that is one of the most important aspects of these water filters.

Host: Making your own water filtration system—that’s a skill that could be very
useful. Dr. Richards, thank you very much again for being our guest.

Dr. Richards: My pleasure.

Unit 8 The Happiness Formula


SOCIOLOGY

LISTENING SKILL: Using Mind Maps


Watch 1 (Video)
ILS_L2_U8_Watch1

Narrator: Professor Daniel Kahneman is a scientific superstar. He won a Nobel


Prize for challenging the basis of modern economics and he's not even an economist.
He's a psychologist who wants to know how to make people happy.

Daniel Kahneman: It's a fundamental fact in the happiness research. Standard of


living has increased dramatically and happiness has increased not at all, and in some
cases, has diminished slightly. I mean there's a lot of evidence that being richer

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Inside Listening and Speaking 2
Transcripts

hasn't made us -- isn't making us happier at least in the Western world. So we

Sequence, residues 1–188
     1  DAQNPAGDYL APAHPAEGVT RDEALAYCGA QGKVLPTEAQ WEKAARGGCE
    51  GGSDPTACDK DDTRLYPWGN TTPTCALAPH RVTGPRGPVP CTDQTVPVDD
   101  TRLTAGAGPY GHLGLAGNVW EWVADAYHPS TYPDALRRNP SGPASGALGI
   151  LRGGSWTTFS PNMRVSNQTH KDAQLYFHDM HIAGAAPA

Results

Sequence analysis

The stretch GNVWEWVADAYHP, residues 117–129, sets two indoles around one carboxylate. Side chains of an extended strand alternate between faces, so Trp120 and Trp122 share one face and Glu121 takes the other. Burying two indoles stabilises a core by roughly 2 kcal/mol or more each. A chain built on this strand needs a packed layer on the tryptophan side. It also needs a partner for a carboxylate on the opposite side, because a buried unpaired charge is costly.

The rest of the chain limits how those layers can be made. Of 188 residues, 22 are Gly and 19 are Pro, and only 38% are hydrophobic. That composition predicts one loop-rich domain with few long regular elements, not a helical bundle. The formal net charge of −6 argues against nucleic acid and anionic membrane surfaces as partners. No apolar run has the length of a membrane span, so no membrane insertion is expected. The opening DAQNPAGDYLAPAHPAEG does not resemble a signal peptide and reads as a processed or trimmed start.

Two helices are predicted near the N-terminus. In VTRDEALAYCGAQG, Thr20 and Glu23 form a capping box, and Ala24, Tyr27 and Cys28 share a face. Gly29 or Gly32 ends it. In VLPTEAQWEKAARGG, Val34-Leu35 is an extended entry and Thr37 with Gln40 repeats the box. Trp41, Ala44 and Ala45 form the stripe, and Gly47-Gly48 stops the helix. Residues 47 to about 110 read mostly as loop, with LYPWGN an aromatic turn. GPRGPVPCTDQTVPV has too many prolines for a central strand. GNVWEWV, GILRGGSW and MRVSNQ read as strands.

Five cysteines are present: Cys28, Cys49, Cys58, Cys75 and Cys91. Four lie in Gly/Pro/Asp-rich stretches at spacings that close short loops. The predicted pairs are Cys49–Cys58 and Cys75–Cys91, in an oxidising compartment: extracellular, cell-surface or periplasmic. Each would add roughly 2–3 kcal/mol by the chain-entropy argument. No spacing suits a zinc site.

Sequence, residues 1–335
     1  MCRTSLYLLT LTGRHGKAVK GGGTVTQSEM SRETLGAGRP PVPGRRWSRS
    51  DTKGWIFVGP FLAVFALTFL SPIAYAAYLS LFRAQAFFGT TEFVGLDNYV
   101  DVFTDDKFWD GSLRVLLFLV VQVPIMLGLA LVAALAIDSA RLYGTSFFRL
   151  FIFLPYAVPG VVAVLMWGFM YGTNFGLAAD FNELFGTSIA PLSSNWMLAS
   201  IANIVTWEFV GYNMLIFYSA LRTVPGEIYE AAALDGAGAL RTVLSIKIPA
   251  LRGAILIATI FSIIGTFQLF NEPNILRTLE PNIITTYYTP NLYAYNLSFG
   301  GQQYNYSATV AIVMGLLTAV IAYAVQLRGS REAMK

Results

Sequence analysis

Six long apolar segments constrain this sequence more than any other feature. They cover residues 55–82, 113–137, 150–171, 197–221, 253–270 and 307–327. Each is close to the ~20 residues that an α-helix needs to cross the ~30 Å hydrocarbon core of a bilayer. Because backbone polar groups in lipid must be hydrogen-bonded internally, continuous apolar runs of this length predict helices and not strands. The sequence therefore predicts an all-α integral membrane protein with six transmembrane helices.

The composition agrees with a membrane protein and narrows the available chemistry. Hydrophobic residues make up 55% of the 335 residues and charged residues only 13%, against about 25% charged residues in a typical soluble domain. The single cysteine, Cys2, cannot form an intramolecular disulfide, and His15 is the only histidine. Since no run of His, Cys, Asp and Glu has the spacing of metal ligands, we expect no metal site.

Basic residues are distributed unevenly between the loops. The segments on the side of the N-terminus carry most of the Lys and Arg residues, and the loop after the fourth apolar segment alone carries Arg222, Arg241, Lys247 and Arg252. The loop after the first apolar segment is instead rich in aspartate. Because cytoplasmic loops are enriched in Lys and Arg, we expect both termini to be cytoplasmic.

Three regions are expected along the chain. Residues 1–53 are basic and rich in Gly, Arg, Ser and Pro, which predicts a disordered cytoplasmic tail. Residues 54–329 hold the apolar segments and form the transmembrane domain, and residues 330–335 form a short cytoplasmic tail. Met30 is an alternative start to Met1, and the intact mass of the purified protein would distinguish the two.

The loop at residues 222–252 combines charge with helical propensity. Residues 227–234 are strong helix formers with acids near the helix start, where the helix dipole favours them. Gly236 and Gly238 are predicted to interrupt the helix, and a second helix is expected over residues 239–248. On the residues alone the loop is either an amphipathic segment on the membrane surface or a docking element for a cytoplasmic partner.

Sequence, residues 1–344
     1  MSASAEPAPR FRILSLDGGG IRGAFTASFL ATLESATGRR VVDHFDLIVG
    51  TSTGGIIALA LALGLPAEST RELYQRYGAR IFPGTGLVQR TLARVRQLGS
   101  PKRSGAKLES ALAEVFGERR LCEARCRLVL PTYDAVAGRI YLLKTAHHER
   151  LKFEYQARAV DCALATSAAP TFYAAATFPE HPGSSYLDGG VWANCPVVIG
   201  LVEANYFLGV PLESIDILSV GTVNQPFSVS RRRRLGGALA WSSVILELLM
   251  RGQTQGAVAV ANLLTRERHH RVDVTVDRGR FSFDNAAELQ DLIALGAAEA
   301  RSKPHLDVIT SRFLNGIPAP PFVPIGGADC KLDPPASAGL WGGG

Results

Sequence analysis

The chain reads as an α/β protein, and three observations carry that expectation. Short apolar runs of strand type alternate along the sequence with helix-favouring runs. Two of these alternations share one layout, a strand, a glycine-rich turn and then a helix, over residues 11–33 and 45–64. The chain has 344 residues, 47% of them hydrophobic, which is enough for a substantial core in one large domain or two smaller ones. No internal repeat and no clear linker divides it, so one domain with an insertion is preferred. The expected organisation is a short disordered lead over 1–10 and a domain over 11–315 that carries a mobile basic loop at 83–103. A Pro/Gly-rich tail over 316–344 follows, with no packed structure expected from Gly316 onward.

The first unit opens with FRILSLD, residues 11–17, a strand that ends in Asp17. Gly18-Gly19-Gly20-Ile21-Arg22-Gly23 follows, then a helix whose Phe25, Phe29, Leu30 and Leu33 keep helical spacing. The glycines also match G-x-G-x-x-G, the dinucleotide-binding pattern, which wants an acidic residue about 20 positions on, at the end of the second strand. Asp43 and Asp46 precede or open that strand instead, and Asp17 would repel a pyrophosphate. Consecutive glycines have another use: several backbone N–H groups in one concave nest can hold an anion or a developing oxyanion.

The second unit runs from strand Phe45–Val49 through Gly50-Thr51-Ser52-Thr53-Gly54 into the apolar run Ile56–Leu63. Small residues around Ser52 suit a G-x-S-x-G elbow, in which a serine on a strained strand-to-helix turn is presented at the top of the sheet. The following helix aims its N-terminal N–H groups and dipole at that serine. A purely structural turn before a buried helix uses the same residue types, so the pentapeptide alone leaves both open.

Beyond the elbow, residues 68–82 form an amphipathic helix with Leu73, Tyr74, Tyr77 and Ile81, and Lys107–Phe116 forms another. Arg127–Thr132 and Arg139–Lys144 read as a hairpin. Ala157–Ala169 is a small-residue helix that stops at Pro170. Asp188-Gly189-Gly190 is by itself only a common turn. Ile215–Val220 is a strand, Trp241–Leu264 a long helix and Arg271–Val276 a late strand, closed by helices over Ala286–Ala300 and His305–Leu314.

clearly need something else.

Narrator: It's a huge claim. Put simply, the science shows that once average
incomes are more than ten thousand pounds a year, extra riches don't make a
country any happier.

And the British scene fits the picture.

Simply look at what's happened over the last say 50 years, 1950 to today, we've got
massively richer but during the same period of time, our happiness levels have
hardly changed at all.

Our wealth, our possessions are like mood music in a shopping mall, pretty quickly
we filter them out, but boy, do we love to shop. Struggling with our bulging bags, we
get the same pleasure cavemen felt. Echoes of returning from the hunt.

Consumerism promises us happiness but the science shows there are two reasons